Saturday, August 12, 2017 by Jhoanna Robinson
A five-year observational study that was recently published in PLOS ONE found that women who have in their bodies increased levels of cadmium – a metal that is obtained from foods like kidneys, liver, and shellfish, and also tobacco – are more prone to incurring endometrial cancer, which results from an abnormal growth of cells in the uterus.
“To our knowledge, this is the first published report on cadmium exposure and endometrial cancer risk using urine as a biomarker for cadmium measurement. Inconsistent observational studies using estimated cadmium exposure from self-reported dietary intake has brought the validity of food frequency questionnaires for cadmium estimation into question,” the researchers said.
According to lead author Jane McElroy, Ph.D., associate professor in the Department of Family and Community Medicine at the MU (University of Missouri) School of Medicine, “Cadmium is an estrogen-mimicking chemical, meaning it imitates the estrogen and its effects on the body. Endometrial cancer has been associated with estrogen exposure.
Because cadmium mimics estrogen, it may lead to an increased growth of the endometrium, contributing to an increased risk of endometrial cancer,” McElroy added. Endometrial cancer, which is also called womb or uterine cancer, is reported to have 9,300 new cases each year. It’s the fourth most common cancer incurred by women.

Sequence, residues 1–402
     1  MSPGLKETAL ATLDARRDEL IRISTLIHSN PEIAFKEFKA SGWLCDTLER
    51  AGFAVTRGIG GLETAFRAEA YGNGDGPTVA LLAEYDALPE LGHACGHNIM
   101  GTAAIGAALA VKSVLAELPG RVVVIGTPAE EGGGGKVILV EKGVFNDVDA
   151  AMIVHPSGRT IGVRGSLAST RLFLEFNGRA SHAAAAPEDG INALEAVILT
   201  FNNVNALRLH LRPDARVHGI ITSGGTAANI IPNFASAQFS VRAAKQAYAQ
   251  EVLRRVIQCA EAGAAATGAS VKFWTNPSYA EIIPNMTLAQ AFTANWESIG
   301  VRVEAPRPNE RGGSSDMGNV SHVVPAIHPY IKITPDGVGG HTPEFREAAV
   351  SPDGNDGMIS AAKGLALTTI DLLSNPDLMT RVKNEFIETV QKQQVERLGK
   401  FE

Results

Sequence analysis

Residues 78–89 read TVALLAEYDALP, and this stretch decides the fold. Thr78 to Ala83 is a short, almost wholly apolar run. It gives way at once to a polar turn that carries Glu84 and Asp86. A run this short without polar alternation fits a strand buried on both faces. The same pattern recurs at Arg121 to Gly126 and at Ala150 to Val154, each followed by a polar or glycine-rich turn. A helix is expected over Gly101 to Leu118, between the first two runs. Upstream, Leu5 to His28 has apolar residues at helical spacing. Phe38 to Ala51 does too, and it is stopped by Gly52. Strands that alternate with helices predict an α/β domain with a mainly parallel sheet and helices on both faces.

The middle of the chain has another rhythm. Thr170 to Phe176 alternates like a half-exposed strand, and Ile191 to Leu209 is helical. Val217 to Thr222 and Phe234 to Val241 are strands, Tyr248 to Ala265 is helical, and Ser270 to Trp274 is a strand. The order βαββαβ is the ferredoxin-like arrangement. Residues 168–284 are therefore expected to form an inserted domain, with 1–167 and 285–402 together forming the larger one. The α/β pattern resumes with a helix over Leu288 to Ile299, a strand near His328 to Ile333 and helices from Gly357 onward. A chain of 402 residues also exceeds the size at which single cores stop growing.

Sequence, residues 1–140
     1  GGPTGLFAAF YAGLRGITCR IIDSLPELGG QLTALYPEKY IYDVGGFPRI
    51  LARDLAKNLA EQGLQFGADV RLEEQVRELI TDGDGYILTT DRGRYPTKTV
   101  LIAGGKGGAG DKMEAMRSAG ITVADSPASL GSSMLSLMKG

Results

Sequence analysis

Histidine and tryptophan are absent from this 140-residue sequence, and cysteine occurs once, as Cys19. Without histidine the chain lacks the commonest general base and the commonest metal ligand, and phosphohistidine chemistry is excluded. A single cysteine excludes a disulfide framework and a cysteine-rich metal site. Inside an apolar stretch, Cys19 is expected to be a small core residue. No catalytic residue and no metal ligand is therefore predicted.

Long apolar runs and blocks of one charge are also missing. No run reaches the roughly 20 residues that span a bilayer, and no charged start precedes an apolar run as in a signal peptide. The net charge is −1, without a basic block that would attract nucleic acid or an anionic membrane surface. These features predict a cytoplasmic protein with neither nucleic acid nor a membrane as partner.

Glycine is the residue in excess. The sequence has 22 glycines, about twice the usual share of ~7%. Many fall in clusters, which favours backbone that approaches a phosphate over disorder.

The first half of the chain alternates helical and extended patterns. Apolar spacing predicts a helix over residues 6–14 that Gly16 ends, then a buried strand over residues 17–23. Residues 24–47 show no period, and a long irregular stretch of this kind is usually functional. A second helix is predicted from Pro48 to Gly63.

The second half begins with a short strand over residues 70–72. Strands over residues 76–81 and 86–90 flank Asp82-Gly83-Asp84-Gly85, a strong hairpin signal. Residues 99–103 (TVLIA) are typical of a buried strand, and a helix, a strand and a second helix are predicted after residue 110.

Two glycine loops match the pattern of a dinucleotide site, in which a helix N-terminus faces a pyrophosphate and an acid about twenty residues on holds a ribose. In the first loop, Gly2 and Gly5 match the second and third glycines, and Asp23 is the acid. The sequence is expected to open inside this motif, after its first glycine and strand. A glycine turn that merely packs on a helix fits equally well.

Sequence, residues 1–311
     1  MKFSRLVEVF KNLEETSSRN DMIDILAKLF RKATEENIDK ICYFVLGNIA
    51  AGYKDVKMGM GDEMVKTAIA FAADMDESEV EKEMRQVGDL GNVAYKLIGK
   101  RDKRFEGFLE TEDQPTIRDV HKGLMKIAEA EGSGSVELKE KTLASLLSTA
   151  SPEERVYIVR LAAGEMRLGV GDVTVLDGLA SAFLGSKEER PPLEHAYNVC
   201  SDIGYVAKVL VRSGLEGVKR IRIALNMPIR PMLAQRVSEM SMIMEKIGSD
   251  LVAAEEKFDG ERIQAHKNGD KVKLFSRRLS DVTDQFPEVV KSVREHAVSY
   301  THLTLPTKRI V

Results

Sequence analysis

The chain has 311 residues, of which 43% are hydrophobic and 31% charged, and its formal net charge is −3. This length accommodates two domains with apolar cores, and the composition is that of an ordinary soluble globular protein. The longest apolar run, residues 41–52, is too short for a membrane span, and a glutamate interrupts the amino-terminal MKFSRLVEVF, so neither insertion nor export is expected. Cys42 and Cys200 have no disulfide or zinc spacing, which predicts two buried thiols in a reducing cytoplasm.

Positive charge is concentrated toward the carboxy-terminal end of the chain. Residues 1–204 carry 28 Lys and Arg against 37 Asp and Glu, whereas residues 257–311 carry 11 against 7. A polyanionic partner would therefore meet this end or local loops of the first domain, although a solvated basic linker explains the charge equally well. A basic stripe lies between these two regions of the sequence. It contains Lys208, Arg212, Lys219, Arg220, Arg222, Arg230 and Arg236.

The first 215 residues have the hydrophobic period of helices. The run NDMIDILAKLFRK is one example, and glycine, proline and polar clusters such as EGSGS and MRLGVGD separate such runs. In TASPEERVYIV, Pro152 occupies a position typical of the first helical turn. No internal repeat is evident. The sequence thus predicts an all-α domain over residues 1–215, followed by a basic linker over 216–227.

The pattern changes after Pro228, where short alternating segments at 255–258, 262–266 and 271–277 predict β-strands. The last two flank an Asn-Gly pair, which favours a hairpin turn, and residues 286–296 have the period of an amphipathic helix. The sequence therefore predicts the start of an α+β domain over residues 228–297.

The research team observed 631 women with a history of endometrial cancer (86 percent had type I endometrial cancer, which are mostly endometrioid carcinomas driven by hormonal mechanisms, while 14 percent had type II endometrial cancer, which are mostly clear cell or serous histology).
The researchers also found 879 women (mean age: 65 years old) from Missouri and Iowa without a history of cancer that will serve as the control group.
The participants were asked to answer around 200 survey questions about risk factors that are associated with endometrial cancer. After that was done, they were made to collect their own urine and saliva samples, which were analyzed for cadmium levels at the MU Research Reactor.
According to McElroy, “When comparing the cadmium levels of individuals with endometrial cancer to the control group, we found a statistically increased risk of the cancer associated with a woman’s cadmium levels. We found the rate of endometrial cancer incidence increased by 22 percent in individuals with increased cadmium levels.”
McElroy recommended taking notice of lifestyle choices in order to maintain health and wellness. “We all have cadmium present in our kidneys and livers, but smoking has been shown to more than double a person’s cadmium exposure.
Also, we recommend being attentive to your diet, as certain foods such as shellfish, kidney, and liver can contain high levels of cadmium. You don’t necessarily need to cut these from your diet, but eat them in moderation.” (Related: Sugary beverages increase women’s risk of endometrial cancer by up to 78 percent!)
Read up on more stories such as this one at CancerSolutions.news.